cassette-recorderLast year the Trust Lecture series included a discussion on communicating with patients in the age of smartphones, email and all types of electronic media.  As an introduction to the program, we discussed that like it or not, the use of smartphones is growing and patients are expecting to use them and other electronic devices to communicate with providers.  But what about situations where the patient is not seeking communication, but rather to use his electronic device to make an audio/video record of the interaction with you?  Can they even do that? What are the risks or benefits, and what can you do to protect yourself as a provider?

Can they even do that?

The short answer:  Yes.  Virginia, like most states, is a “one person consent” state when it comes to recording, meaning it is not illegal to record someone as long as one party to the communication consents, and that “one party” can be the person doing the recording.  That means a patient can legally record any communication with his health care provider, regardless of whether the health care provider consents or is even aware the recording is occurring.

But isn’t there a policy to address the issue?

Again, the short answer is:  Yes.  However, even though there is a Medical Center policy (described below), it does not trump the law, so even though the policy prohibits recording without permission, it is still legal for patients to do so.  The consequence of violating the policy will not result in any criminal or civil violation of your rights, but you can report the person to security or Risk Management, who can prevent them from recording further or perhaps remove the person from the premises.

The policy, UVA Medical Center Policy 0030 (Section 11), states:

“Patients, families and visitors to the Medical Center may use Photography [defined to include audio/video recording], provided it does not interfere with patient care, create safety concerns or disrupt business operations . . .” provided that “patients, families and visitors must first have the permission of other individuals (i.e., other patients, family members or [health care providers]) whose images or voices might be included…”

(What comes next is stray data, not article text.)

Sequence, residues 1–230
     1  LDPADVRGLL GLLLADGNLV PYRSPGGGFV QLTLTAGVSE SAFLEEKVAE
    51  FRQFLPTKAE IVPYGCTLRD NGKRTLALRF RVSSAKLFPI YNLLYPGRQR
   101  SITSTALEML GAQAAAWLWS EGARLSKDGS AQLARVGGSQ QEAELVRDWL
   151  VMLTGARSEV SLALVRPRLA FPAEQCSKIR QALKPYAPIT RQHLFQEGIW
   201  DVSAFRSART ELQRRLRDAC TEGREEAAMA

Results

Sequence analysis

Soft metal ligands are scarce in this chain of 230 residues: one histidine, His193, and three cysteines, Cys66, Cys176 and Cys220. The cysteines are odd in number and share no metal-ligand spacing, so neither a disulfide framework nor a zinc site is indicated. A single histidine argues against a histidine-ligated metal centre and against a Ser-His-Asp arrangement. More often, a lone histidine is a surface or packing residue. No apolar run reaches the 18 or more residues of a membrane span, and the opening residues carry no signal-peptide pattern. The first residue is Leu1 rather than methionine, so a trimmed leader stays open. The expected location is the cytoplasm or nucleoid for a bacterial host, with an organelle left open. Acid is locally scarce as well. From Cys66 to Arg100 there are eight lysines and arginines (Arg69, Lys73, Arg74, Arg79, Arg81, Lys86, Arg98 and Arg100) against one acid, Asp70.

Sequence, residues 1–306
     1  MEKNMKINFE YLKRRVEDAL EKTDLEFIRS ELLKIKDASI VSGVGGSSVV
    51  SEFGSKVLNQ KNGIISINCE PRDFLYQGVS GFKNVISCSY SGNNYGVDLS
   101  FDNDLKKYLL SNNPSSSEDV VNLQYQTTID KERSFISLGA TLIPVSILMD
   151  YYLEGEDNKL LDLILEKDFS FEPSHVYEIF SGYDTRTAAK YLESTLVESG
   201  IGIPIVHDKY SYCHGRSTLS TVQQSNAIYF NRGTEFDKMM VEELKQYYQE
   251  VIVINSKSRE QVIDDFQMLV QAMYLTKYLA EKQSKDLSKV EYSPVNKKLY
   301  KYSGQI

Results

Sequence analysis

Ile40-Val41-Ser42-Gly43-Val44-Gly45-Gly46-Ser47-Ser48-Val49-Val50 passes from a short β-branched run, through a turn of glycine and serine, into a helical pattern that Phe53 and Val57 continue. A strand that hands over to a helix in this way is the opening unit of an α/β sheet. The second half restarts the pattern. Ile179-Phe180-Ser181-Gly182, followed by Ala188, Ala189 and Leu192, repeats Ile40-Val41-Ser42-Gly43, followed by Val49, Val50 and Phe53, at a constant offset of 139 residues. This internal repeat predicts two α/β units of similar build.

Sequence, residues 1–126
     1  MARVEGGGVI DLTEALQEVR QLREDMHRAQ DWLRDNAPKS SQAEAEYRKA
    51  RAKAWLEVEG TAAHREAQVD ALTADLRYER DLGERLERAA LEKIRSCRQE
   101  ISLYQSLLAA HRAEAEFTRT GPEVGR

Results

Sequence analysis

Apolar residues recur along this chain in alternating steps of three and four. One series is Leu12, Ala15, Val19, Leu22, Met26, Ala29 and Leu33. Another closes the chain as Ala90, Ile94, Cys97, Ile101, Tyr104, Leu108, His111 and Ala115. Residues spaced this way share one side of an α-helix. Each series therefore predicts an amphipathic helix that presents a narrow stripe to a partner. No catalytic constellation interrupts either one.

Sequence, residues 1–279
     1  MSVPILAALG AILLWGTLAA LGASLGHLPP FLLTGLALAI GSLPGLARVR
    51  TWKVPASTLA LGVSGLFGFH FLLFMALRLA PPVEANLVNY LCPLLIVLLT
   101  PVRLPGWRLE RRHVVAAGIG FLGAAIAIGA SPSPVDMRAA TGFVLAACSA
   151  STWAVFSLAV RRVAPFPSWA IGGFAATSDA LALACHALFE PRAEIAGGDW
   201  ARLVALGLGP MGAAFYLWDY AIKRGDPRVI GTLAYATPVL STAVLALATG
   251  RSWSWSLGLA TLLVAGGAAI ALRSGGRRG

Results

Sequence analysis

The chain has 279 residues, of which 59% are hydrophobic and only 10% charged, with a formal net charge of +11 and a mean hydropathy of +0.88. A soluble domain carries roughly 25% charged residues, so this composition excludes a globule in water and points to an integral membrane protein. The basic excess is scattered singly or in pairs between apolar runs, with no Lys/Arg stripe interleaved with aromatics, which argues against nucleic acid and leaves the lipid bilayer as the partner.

Thus, if you have a patient in the Medical Center, she can record your interactions with one major caveat: she must first obtain permission in order to comply with the policy, otherwise you can report them to security or Risk Management.

The only locations where photography/recording are specifically prohibited are in bathrooms and changing rooms, and during delivery of a child (although they can record the labor process and post partum period).

In support of any decision you make to deny a patient the ability to record you, the Medical Center policy notes further that if they refuse, then you are to contact Hospital Security and Risk Management.

Why Should I Care If A Patient Records?

(1) Privacy Concerns

There are several reasons you may choose to not have patients record interactions with you.  The primary concerns are privacy, confidentiality and litigation.  Recording devices are quite sensitive, and patients cannot set them to just record one voice or one sound, so they may pick up private comments or information of other patients.  Also, not all smartphones are encrypted, and the information recorded on such a device cannot be kept confidential.

(2)Litigation Concerns

Although patient privacy and confidentiality are primary concerns, there is also the risk that information recorded by patients could be used in subsequent litigation.